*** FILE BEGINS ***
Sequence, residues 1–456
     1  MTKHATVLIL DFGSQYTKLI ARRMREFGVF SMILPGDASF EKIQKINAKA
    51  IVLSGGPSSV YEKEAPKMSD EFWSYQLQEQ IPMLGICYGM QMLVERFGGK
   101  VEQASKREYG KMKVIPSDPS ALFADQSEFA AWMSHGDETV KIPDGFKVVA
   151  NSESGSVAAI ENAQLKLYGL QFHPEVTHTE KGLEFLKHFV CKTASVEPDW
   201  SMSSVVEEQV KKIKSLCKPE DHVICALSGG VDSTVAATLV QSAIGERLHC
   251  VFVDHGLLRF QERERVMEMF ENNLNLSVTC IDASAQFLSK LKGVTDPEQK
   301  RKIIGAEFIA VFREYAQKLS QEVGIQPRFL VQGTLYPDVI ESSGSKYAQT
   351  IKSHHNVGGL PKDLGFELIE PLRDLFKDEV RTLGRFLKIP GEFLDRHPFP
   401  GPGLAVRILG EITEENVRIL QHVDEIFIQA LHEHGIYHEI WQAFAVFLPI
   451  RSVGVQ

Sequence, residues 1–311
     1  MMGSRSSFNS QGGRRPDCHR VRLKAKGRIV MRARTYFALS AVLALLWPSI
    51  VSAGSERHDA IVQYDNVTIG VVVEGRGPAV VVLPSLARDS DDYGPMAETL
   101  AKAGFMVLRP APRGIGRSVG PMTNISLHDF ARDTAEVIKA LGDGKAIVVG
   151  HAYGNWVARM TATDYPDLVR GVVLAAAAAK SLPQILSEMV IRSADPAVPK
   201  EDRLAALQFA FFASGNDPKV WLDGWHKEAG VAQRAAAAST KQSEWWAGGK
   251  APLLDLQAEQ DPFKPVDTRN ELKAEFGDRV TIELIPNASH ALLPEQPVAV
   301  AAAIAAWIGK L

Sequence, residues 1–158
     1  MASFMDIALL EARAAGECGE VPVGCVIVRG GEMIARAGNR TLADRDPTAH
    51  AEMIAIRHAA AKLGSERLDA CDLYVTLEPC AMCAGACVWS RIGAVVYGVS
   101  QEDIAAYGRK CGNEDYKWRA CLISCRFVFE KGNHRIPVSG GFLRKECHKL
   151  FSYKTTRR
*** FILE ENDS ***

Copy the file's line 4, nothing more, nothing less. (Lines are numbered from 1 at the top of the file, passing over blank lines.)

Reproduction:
   101  VEQASKREYG KMKVIPSDPS ALFADQSEFA AWMSHGDETV KIPDGFKVVA